It can hit you hard sometimes, especially on a bike. I have only been on my bike a few times since I returned to Kenya from our Christmas in the US. Each time I go home I gain a few pounds (maybe a lot of pounds). I cannot resist Mexican food and hamburgers. But usually when I get back I drop 10 pounds just because of the setting. I had accomplished the weight gain in the last trip, but for some reason the weight loss was not following our arrival to Kijabe. I did not want to ride my bike because it is so much harder to pull this weight up the long hills. If I could just lose a few, then the bike ride would be more fun. And so I kept delaying. But last weekend a friend sent out a text saying they were going to ride Awesome Sauce, probably my favorite ride in Kijabe. I could not resist the invitation. I joined them at the local dukas, and we headed up the first steep hill by the waterfall. I began in the front, but ended the climb at the rear. I quickly came to the front in the next two downhills, but then came the next very steep climb. My heart began to beat out of my chest, the sweat of my head turned icy, and the world became smaller and less stable. I couldn’t do it. I hopped off my bike to push up the hill as I soberly realized I was not going to be able to make the ride. I called ahead to my friend who was already out of sight and said I was turning back. David graciously accompanied me on a return trip with some great downhills, but with none of the excitement of Awesome Sauce. Getting older can be great in some ways, but physically it can hit hard. There is a lesson in here somewhere. It probably is that you should exercise regularly and watch your weight.
It’s 2:08 on Easter Sunday and the beautiful African choruses of the church across the way are wafting in through our open windows. It’s like having our own Paul Simon Graceland concert. Only really African.
We had a nice bit of cloud coverage for our Easter school picnic, the first clouds it seems like we’ve seen for weeks. I read the other day that Kenya is experiencing its worst drought in 38 years. Here on the mountainside and near the valley it is not as bad, but many in northern and western Kenya are struggling to survive. Last year it was the longest rainy season in a several years and now this drought. Here in Kenya, they have the “short rains” in November and December and the “long rains” from April through June. The whole time the temperature is an average of 68 degrees or so. It is a wonderful place to live, if you’re looking for a place to minister. Or if you want to come visit, read here.
Last night something funny happened that I thought was worth blogging about. We have a hospital station Whatsapp group that reports happenings around here. Recently, a couple of people have reported a clan of hyenas wandering around the outskirts of our complex. (Our compound is not fenced off and so we have all sorts of things drifting through—ne’er do wells, baboons, wild dogs, and now, hyenas). Our dog Chardonnay was barking a different and more insistent bark than usual in the middle of the night. Usually we can tie her leash to the back gate and she will be quiet, but last night, no such luck. I went out to check on her and from inside the house I could hear this high-pitched dog yapping or laughing sound. It sounded like cats? No. Monkeys? No. Puppies? Maybe, but different. I opened the door and Chardy was pulling hard on her leash, barking her most vehement bark. Crazily, I considered, “Is the hyena pack barking back?” All the neighborhood dogs were going crazy. I pulled our guard dog into the house and told Will that I may have heard hyenas. He laughed and opened the window to listen. He was convinced that it was just a dog or two. Even if it was, isn’t it surreal that hyena laughing was even on the table? Just in case we forgot that we live in Africa!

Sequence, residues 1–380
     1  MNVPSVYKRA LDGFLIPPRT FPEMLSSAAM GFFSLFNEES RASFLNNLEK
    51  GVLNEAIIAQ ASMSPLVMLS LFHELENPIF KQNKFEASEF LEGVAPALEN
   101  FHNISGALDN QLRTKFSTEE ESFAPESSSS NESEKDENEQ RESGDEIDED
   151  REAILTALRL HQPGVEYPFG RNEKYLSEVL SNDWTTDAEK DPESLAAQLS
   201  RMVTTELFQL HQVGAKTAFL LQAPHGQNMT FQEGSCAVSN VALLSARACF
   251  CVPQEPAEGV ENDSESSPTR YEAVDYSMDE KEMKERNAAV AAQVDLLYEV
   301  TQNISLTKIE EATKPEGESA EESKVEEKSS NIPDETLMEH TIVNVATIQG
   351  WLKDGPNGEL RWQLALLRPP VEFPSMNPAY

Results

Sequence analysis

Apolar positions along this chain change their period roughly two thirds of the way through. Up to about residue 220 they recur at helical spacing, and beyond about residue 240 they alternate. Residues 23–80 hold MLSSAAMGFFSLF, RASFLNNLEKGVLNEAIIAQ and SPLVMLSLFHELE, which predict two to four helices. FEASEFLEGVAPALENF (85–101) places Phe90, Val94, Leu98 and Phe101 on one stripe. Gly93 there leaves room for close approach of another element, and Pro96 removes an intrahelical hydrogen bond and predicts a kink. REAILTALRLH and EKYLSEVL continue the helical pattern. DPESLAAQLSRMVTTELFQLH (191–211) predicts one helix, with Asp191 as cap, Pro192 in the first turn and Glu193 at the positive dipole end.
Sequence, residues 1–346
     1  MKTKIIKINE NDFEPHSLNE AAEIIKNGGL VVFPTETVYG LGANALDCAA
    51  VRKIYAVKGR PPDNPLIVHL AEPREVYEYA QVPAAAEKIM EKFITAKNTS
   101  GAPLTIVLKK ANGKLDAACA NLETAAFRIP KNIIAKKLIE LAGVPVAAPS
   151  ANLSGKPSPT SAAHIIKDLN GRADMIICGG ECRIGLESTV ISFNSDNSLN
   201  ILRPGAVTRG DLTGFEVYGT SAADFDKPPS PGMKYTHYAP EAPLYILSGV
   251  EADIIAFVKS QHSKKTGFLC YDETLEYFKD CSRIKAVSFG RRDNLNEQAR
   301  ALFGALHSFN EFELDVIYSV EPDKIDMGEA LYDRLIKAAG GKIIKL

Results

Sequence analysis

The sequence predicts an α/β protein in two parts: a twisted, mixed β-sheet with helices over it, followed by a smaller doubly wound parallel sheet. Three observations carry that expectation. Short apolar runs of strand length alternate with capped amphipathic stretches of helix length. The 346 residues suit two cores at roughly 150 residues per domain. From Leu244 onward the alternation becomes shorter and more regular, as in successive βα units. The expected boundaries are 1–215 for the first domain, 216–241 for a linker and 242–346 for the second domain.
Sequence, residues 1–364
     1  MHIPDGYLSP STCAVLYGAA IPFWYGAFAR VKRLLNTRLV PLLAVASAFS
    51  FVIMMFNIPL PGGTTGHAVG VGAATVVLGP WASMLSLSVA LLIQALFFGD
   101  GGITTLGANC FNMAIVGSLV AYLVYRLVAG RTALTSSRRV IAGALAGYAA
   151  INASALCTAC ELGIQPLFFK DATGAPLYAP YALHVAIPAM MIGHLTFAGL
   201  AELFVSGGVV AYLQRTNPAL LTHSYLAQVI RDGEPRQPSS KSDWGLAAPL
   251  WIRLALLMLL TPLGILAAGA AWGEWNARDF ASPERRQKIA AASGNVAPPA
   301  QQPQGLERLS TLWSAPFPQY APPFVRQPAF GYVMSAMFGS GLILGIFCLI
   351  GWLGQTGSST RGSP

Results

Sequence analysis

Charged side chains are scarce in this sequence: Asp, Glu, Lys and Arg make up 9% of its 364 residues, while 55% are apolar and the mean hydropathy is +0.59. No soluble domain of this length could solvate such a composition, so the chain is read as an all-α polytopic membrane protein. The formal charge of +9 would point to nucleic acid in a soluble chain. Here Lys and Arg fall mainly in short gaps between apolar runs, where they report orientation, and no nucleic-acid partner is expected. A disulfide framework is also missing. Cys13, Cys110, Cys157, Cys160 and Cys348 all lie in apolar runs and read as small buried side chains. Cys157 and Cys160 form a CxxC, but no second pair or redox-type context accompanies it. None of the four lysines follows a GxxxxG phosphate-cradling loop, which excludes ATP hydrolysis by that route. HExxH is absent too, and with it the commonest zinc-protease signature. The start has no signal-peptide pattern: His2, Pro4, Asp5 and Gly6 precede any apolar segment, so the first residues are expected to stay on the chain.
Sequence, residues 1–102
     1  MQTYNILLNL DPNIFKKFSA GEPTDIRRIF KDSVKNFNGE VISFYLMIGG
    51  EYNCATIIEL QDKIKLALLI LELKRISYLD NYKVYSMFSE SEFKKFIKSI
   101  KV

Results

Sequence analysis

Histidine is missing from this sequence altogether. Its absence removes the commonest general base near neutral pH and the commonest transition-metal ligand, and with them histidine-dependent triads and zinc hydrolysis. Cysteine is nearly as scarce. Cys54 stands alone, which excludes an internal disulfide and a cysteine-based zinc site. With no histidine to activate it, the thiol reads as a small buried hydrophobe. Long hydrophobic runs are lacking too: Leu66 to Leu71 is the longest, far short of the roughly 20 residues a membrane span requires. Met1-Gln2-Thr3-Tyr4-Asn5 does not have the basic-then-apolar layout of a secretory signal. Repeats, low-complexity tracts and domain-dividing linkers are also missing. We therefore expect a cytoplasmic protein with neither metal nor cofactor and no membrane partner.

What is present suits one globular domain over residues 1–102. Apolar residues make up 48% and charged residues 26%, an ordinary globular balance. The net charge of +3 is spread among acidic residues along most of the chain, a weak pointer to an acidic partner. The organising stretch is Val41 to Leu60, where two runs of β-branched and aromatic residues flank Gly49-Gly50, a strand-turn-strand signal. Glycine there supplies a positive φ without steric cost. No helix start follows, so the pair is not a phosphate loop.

It is always good to get out for a walk. I have no idea why this ladder we found was where it was or to where it was heading.
It was a bit of a rough day in regards to mood in our house yesterday. I have been reading a little bit about exercise and mood enhancement, and the correlation is pretty strong that exercise is good for mental health. This is especially true in anxiety and depression. I would say those are the most common struggles of many of us, and especially those of us living in a different culture. I tend to be more optimistic if I find time to exercise, and I envy those who find it easy to do. I do not always want to exercise, much less do I find the time to do it. And this is despite knowing the positive effects. So with everyone a bit down yesterday, I decided we were going on a walk. We would go to the caves and then up to the railroad tracks. A few short steep uphill sections followed by a meandering downhill walk. We noted some clouds in the sky, but it seemed like there was more sun than clouds. The old Boy Scout in me recommended we take some jackets. It was good that we did, because just as we reached the cave, the rain came. We decided we would cross-country home, bush-wacking, avoiding steep drop-offs, spraining wrists, and ruining clothing. But we made it. And you can decide for yourself from the picture whether it had a positive affect.